God and Prime Time
I thought the recent Christian Century interview with the TV writer, Joy Gregory, was terrific. Gregory has worked on shows like Joan of Arcadia and Madame Secretary. She has, according to the Century, a “Particular interest in depicting people of faith in a way that — to quote one reviewer — ‘confounds people’s expectations.'”
Here are a couple of excerpts from that interview, the first on the superior attitude of many liberals toward religion and religious people, the second on Gregory’s image of God.
Q. “How are religious themes treated in the (TV) writing room?”
A. “If you want to make a room full of Obama-loving, liberal, educated, immigrant-championing, compassionate people turn on you, talk about God in an unironic way.
“Admit to being a person of faith. They will feel sorry for you. You will see their esteem for you go down a couple of notches. So to argue for depicting people of faith as authentic, likable human beings is going to be a struggle — most writers (TV) have a blind spot about religion.
“As a result, religious stories tend to be really binary and simplistic. It is rare and wonderful when you can do stories about spirituality that aren’t hokey or earnest or easy or all about feeling or sentiment.”
Would love to hear Gregory’s take on a place like liberal-Seattle. I also observe that when it comes to TV and movies, and to some extent more generally, there seems to be an ethnic pass on the part of skeptical liberal culture. That is, it’s okay for African-Americans, maybe Hispanics, to be religious. White religious people are, however, automatically suspect and usually portrayed as narrow-minded creeps.
This next excerpt I found really quite beautiful and moving.
Q. “What’s your image of God?”
A. “My 14-year-old daughter and I were watching a video of some conservationists freeing a young whale that was hopelessly trapped in nylon netting and on the verge of death.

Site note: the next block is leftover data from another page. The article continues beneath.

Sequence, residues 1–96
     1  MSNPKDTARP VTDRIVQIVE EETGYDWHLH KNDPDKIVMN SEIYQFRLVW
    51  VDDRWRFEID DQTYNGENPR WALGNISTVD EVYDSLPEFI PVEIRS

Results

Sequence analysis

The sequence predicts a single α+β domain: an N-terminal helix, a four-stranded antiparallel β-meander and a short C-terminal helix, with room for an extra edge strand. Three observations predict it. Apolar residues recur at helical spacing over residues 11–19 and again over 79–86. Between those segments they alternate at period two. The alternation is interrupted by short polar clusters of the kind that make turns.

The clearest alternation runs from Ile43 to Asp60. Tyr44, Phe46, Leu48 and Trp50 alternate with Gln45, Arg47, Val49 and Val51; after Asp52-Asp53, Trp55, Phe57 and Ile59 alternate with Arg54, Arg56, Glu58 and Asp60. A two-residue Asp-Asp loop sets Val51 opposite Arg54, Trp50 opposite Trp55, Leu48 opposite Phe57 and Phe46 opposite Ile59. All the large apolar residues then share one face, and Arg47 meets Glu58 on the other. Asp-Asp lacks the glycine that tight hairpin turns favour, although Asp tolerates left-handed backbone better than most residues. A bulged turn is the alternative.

“One guy was working with a snorkel, a knife, and a few friends on a nearby motor boat. After trying for several hours, knowing the whale could destroy them all with one false move, they managed to free the whale, who swam away and, and on a sparkling horizon breached the water over and over again in a dance of pure joy.
“Is God the patient, snorkeler freeing us from our own hopeless entanglements if only we’ll dare to trust him?”
These days Gregory is at work on a production about Tammy Faye Bakker, who with her husband Jim was a successful tele-evangelist, until brought down by scandal.
Providing a more complex and humane picture of Bakker than is typical. Gregory notes that in 1984 when “AIDS was ravaging the gay community, and Christians were nowhere preaching mercy and tenderness, Tammy Faye had on her program a gay man who was well into the illness.
“With tears running down her face, Bakker said to her audience, ‘We are Christians. We should be loving this man.'” Tammy Faye, vilified by so many, “showed compassion at a time when the Christian community had not.”
Gregory works the other direction too. For example, on Madame Secretary the husband of the Secretary of State is a religion professor and believer who is interested in figures like St. Francis and St. Augustine. “Most people know so little about the early church. So we can use that.”
True, contemporary ignorance of what was once a well-known and rich intellectual/ spiritual tradition is amazing.